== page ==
Home is Where the Business Is
Art Coley Jr., CEO, The Entrepreneur’s Source
Often, people running a business at home are dismissed as hobbyists, but new research suggests that assumption is far from true. A new analysis by Emergent Research, Homepreneurs: A Vital Economic Force, argues that home-based businesses are not only operating successfully, well established and long lasting, but also making contributions to employment and the economy.
The researchers analyzed data from U.S. Census and the Small Business Success Index, along with Small Business Administration research.
The population of “homepreneurs” is rising steadily. In fact, an estimated 6.6 million home-based enterprises provide at least half of their owners' household income. Together, these “homepreneurs” employ one in 1- private sector workers, and by many measures they’re just as competitive as their counterparts in commercial spaces.
It’s not hard to see why. Operating a franchise out of your home combines the best of both worlds; providing flexibility and affordability and a low barrier of entry that franchise business ownership can offer.
Ask Sharon Lewis, AdviCoach business coach, who runs her business from her home in Ivorytown, Connecticut. “I now have the flexibility for work and family harmony- my daughter’s last day of Kindergarten was this week and I was able to attend the end of year party at school and still honor my client’s needs,” she says.
Additional good news is that more and more franchisors are either adding home-based options to their franchise programs or are focusing exclusively on the home-based distribution model in order to reduce operational costs.
Here are three questions you should ask yourself before investing in a home-based franchise opportunity:
Do you have a dedicated area to allow focus on your business and expansion as it grows?
Is your home office able to accommodate your business, today, and as it expands? While the dining room table can look inviting, dedicated space, optimally with a door, is paramount to allow for conference calls, focused business thinking, planning and execution time. The key is to create a space that reflects your professional demeanor that provides your business room to grow and prosper for months and years to come.
Do you have an appropriate place for in-person meetings?
Clients, sales partners, and delivery staff might need to pay you a visit. Is your home zoned for business? Will your insurance company cover any accidents? Is your home set-up to accommodate visitors? For many home-based franchisees, the home is not a sufficient place to meet with clients, but it is fairly easy to meet at a client’s place of business, a restaurant, or coffee shop. For larger group meetings or presentations, franchisees can check with their Chamber of Commerce or related professional organization, which often allow members to use the conference room for free.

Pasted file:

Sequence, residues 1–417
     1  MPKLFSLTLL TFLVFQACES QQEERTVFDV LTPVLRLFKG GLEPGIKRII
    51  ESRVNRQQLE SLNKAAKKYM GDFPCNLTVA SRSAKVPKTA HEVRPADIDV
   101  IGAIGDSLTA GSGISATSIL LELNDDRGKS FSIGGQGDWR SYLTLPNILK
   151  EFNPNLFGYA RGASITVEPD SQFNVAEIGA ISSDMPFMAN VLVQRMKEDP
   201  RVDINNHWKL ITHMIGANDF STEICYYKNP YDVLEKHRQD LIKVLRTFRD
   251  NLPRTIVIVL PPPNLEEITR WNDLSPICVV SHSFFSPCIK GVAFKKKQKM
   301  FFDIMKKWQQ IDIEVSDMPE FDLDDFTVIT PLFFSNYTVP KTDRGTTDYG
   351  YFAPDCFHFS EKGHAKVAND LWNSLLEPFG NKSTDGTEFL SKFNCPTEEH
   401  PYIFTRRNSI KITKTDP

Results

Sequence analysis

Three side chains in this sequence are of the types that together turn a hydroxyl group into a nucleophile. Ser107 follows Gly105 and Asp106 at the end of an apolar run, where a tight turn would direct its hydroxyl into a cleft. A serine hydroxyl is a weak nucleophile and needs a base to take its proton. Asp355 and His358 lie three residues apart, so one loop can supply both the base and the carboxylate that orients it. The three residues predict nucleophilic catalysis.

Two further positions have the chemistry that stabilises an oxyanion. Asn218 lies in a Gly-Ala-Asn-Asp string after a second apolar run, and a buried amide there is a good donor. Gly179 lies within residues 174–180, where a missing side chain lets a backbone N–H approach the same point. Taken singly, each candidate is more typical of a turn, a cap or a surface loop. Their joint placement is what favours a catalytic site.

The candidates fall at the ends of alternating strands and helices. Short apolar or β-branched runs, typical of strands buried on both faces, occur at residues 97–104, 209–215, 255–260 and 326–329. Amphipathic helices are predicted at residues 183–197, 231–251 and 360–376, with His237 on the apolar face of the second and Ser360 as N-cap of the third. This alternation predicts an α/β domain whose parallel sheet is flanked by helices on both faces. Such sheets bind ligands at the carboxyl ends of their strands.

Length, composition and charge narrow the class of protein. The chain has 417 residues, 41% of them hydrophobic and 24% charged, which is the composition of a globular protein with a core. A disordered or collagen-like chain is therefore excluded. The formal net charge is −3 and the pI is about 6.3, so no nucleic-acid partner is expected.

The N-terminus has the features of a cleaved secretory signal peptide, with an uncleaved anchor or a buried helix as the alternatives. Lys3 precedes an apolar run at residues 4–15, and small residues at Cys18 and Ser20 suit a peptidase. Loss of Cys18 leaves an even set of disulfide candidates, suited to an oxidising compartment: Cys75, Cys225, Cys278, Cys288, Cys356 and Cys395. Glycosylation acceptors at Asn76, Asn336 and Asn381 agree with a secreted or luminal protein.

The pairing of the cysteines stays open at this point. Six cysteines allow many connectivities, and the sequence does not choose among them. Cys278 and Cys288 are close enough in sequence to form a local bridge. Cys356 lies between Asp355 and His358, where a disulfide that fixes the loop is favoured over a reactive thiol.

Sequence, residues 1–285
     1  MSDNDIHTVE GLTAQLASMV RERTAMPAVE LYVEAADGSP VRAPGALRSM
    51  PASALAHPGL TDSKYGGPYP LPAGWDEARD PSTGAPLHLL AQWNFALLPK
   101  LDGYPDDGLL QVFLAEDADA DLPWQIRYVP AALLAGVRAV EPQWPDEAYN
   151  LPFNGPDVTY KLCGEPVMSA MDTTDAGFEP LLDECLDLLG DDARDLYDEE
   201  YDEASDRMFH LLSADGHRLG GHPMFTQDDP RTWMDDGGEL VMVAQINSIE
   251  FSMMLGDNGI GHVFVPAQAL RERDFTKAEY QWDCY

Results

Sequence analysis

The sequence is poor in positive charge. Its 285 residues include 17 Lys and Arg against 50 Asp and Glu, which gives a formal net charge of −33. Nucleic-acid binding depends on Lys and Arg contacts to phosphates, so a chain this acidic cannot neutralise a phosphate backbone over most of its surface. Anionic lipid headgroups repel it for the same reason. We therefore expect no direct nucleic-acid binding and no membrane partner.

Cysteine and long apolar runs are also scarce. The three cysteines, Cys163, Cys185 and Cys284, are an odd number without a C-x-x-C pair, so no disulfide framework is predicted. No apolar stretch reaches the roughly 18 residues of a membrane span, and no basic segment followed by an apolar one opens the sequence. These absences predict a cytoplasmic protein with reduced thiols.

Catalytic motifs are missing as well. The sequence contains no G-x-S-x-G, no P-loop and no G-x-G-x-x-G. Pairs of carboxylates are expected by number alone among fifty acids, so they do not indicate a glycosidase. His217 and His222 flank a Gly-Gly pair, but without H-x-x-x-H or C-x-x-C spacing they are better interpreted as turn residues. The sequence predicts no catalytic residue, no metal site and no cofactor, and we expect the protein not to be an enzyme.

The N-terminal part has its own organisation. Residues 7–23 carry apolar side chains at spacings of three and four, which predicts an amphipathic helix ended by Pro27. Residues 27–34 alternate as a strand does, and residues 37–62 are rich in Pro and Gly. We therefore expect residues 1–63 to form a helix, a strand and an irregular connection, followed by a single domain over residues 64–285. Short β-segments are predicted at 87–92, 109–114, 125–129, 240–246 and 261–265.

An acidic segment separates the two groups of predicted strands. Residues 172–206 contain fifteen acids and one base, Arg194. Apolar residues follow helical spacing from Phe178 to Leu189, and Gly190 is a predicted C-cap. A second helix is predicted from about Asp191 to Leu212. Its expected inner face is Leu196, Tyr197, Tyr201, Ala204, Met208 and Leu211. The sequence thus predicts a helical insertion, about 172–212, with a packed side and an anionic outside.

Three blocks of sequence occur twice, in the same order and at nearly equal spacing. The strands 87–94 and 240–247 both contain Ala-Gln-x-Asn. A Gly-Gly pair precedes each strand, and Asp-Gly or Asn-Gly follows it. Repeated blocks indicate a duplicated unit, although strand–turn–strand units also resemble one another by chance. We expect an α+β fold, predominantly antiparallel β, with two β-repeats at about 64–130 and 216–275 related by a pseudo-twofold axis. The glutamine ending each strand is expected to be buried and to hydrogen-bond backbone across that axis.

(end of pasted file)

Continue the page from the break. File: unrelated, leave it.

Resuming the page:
Is your family prepared for the transition?
Is your business space family and pet free? Do you have a dedicated space, with limited intrusions? Whether it’s keeping your phone and business equipment off limits to others, posting business hours on your door, or hiring a babysitter to watch your children during business hours, it is important to discuss your new enterprise and set boundaries with family members. Failure to communicate needs and expectations can cause unexpected interruptions and potentially lead to resentment among children and spouses.
With more than 75 percent of Americans seeking self-sufficiency, home-based businesses can be the right step for professionals looking for an alternative career path. The key is to ask yourself the right questions before you take the leap into homepreneurship.
About the Author
Dedicated to the advancement and development of those seeking empowerment through self-employment, The Entrepreneur’s Source (TES) President and CEO Art Coley leverages his deep entrepreneurial roots and proven success in franchise brand growth leading the world’s largest and #1 franchise coaching organization dedicated to empowering potential entrepreneurs to achieve their personal and professional goals through self-employment. The Entrepreneur's Source® is recognized as the industry leader in franchise education, coaching and knowledge of opportunities throughout the country.
To learn more about Art Coley and The Entrepreneur’s Source, please visit: http://www.entrepreneurssource.com/